image

Next, On the compile tab, you need to set “Register for COM Interop”

image

You’ll also need to add a reference to the VBIDE.DLL file:image

You can usually find the file under the COM tab on the Add Reference screen:

image

Finally, create a new CLASS, call it Connect, and paste this:

<ComClass("96861C1E-73A0-46E2-9993-AE66D2BC6A91", "1AEA0235-959D-4424-8231-8EBB9B9C85FE")> _
<ProgId("BookmarkSave.Connect")> _
Public Class Connect
    Implements VBIDE.IDTExtensibility

    Private _App As Application

    Public Sub OnAddInsUpdate(ByRef custom As System.Array) Implements VBIDE.IDTExtensibility.OnAddInsUpdate
        _App.OnAddInsUpdate(custom)
    End Sub

    Public Sub OnConnection(VBInst As Object, ConnectMode As VBIDE.vbext_ConnectMode, AddInInst As VBIDE.AddIn, ByRef custom As System.Array) Implements VBIDE.IDTExtensibility.OnConnection
        Try
            If _App Is Nothing Then
                _App = New Application
            End If
            _App.OnConnection(VBInst, ConnectMode, custom)
        Catch ex As Exception
            ex.Show("Unable to start addin.")
        End Try
    End Sub

    Public Sub OnDisconnection(RemoveMode As VBIDE.vbext_DisconnectMode, ByRef custom As System.Array) Implements VBIDE.IDTExtensibility.OnDisconnection
        _App.OnDisconnect(RemoveMode, custom)
    End Sub

    Public Sub OnStartupComplete(ByRef custom As System.Array) Implements VBIDE.IDTExtensibility.OnStartupComplete
        _App.OnStartupComplete(custom)
    End Sub
End Class

Now to explain a few things.

The two GUIDs you see in the first COMCLASS line, you’ll need to generate your own unique id’s for them.

Obviously, the ProgID will also need to be changed (the general convention is {addin-name.Connect}).

The Application object is my actual core addin application. I’ve intentionally kept all the addin’s code OUT of the Connect class, to keep it simple, and because this class MUST be made visible to COM so that VB6 itself can instantiate the CONNECT object (and thus kickstart your addin). Usually, the less “stuff” you have to expose to COM in a .net assembly, the better, and this represents the bare minimum.

To make debugging seamless, be sure to set the Debug Start Action to “Start External Program” and point it at your VB6.EXE file:

image

You’ll also need to make sure your addin is registered with VB6, so it will know to load it along with any other addins. You do that by creating a key like the “BookmarkSave.Connect” key below:

image

Be sure to change the “BookmarkSave.Connect” to whatever ProgID you’ve decided on.

Give it a whirl

With all that in place, you should be able to RUN your addin from VS2010, VB6 should start and your addin CONNECT object’s OnConnection method should be called.

Now it’s time to pull out my Duran Duran and SoundGarden discs and get to coding some good ol’ fashioned pseudo-OO VB6 goodness!

Determining Whether you’re in DesignMode in a Windows Phone 7 Project

1
Filed under .NET, Windows Phone 7

When you’re building usercontrols in a Windows Phone 7 project, it’s often necessary to know whether the code is running in Design Mode (i.e. being invoked by the Visual Studio IDE or by Expression Blend), or whether you’re actually running in the real program.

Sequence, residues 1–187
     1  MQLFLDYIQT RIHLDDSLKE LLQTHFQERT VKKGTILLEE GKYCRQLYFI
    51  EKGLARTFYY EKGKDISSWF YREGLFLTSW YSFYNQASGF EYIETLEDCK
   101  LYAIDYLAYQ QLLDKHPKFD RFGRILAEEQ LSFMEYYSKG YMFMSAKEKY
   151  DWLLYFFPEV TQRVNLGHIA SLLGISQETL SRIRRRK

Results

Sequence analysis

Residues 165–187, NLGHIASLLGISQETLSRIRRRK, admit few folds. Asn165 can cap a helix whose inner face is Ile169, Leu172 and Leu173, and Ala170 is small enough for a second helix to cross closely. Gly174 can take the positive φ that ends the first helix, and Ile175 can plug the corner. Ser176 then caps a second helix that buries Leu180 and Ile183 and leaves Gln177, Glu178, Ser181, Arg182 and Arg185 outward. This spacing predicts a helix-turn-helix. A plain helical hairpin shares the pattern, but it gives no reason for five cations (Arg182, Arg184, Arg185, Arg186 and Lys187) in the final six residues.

It’s a trivial matter, really, but it can be hard to remember exactly how to do it when I need it, so I wrapped it in an IsInDesigner function:

    Public Function IsInDesigner() As Boolean
        Return System.ComponentModel.DesignerProperties.IsInDesignTool
    End Function

Direct integration of ILMerge with VB.net Projects

0
Filed under .NET, Error Handling, MSBuild, Troubleshooting

I’ve been working on a few utility type applications lately (more on them later, once they’re firmed up), but one thing I’ve found incredibly useful for certain projects is ILMerge.

If you’re not familiar with it, ILMerge is a utility that essentially can combine two or more .net assemblies into a single assembly, and reducing an application’s footprint is something I’m particularly passionate about!

In the past, I’ve always created postbuild steps that included executing ILMerge as just a command line post build process, but doing it this way has always been problematic. To start, debugging in the IDE tends to be compromised at best, and not possible at worst. Plus it just never felt clean.

In researching the problem, I ran across three blog posts that have provided more than enough info to get me past the Post Build process and actually integrate ILMerge directly into the build process itself, and one very intriguing alternative.

First, Scott Hanselman wrote about his experiences using ILMerge to merge a VB.net assembly into an otherwise C# project back in 2007. A great article and a fantastic first step.

Then, I came across Daniel Fortunov’s  article about integrating ILMerge into the VS build process. His example is also very good and a little cleaner, I’d say than Scott’s approach, but both articles are definitely worth checking out if you find yourself needing this kind of thing.

Lastly, Jeffrey Richter wrote a terrifically short but incredibly eye-popping article about a technique to load .net assemblies dynamically from binary resources baked into a single assembly at compile time. Very simple and clean. A great technique to have in your toolbox if the need ever arises.

For my part, I’ve used the ILMerge technique to merge Mono.Cecil.dll (a C# library from the mono project for directly altering .net assemblies) into a VB.net utility that can repackage portions of an assembly’s PDB file directly into the assembly’s EXE or DLL file, to supply line numbers during the rendering of an exception’s stack trace without actually have to provide a PDB (and all the additional metadata about your assembly) to your client. A fantastic debugging technique and one that I’ve been working with (off and on) for several years now. I’ll write about it in more detail later.